When are we going to wake up and make a serious effort to protect American industry?
When one thinks of a “victimless crime”, many thoughts come to mind. One of the most perplexing, particularly in light of the current economic crisis facing the United States, is “piracy” and more specifically, the theft of “intellectual property rights” (IPR). The federal government estimates that U.S. businesses lose $250 billion per year in sales to “pirated” goods. That’s right, billion – not million. That translates into the loss of hundreds of thousands of jobs and undermines the one area that the United States still has an edge on its international economic competitors, research and development. Does it come as any surprise that Russia and China head a list of countries designated by the Office of the U.S. Trade Representative as not tough enough on economic “pirates.”
A House Committee passed a bill on April 30th that would stiffen “anti-piracy” penalties and create a White House level “intellectual property czar.” This bill is supported by a broad base of intellectual property holders, including entertainment companies, auto parts manufacturers, pharmaceutical companies and unions. It is not supported by the Justice Department calling it unnecessary and potentially politicized. White House spokesman Tony Fratto said, “The White House has very serious concerns with the legislation.”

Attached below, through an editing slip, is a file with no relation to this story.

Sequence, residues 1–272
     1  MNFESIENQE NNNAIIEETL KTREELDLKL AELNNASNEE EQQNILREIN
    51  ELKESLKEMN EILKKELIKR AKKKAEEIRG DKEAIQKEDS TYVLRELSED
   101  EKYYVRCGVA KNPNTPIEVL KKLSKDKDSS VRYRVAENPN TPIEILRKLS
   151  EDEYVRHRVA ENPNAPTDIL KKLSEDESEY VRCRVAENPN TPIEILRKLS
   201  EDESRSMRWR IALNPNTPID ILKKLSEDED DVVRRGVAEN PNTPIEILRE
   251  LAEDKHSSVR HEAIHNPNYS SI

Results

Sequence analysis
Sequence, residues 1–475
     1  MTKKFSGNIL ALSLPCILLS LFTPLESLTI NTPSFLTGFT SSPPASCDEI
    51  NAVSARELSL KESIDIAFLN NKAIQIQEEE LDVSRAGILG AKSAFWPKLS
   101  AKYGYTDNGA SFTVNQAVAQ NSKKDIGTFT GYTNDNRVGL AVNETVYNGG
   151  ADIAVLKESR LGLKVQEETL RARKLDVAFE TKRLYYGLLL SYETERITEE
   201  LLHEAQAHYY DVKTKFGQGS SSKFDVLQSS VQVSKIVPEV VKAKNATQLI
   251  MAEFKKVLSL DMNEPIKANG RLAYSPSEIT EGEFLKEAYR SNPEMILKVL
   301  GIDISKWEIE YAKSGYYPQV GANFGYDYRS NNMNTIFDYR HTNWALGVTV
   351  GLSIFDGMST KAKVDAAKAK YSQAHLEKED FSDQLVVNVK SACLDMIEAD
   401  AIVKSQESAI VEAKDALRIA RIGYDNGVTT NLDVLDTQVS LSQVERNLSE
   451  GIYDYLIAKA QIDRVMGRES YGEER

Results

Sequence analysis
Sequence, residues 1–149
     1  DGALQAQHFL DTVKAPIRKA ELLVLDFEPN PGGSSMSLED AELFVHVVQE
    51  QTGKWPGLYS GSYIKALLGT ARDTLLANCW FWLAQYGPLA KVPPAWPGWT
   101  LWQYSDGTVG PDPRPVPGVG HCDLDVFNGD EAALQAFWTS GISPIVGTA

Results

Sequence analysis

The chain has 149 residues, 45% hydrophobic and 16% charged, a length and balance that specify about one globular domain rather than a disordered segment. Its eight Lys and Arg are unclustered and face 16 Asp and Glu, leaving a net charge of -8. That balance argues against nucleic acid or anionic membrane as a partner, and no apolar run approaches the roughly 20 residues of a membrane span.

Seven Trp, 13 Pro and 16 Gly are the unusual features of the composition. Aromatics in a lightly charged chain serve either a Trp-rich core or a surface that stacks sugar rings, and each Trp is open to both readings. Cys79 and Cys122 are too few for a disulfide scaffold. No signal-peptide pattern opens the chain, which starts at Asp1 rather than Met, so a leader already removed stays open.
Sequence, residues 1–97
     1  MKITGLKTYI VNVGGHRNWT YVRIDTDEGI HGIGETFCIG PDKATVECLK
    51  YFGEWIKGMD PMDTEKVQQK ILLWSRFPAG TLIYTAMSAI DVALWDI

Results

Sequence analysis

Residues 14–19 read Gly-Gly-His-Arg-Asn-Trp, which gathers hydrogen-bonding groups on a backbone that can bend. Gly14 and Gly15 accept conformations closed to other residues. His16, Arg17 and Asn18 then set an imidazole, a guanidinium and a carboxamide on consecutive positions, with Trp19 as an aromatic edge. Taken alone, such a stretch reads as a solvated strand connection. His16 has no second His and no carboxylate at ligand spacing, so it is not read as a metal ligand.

“IPR czar” or not, my 33 years of federal law enforcement experience tells me that the problem is not the need for “stiffer penalties” but the lack of resources. Only a limited number of federal agents, analysts and prosecutors are dedicated to the IPR crisis. They do not need more penalties to be effective but more personnel (and the funding to fill those positions), training, equipment, information and intelligence.